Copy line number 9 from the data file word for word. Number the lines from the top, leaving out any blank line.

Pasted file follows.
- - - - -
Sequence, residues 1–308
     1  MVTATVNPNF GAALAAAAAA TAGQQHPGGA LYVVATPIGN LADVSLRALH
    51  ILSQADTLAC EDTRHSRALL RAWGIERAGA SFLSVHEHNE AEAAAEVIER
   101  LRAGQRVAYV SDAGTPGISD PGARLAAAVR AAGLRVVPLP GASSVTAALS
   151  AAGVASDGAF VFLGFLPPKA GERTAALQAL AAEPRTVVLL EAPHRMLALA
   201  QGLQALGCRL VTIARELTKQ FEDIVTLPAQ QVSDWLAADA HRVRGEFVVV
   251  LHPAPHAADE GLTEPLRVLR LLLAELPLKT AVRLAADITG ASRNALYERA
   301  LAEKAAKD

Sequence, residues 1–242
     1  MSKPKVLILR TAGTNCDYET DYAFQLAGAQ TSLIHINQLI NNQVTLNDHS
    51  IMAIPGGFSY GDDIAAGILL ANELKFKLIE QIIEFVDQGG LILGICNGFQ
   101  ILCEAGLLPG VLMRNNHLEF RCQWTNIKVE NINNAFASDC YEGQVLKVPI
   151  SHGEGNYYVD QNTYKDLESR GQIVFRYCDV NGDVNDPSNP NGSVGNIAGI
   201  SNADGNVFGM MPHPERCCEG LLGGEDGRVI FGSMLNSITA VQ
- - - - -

Sequence, residues 1–242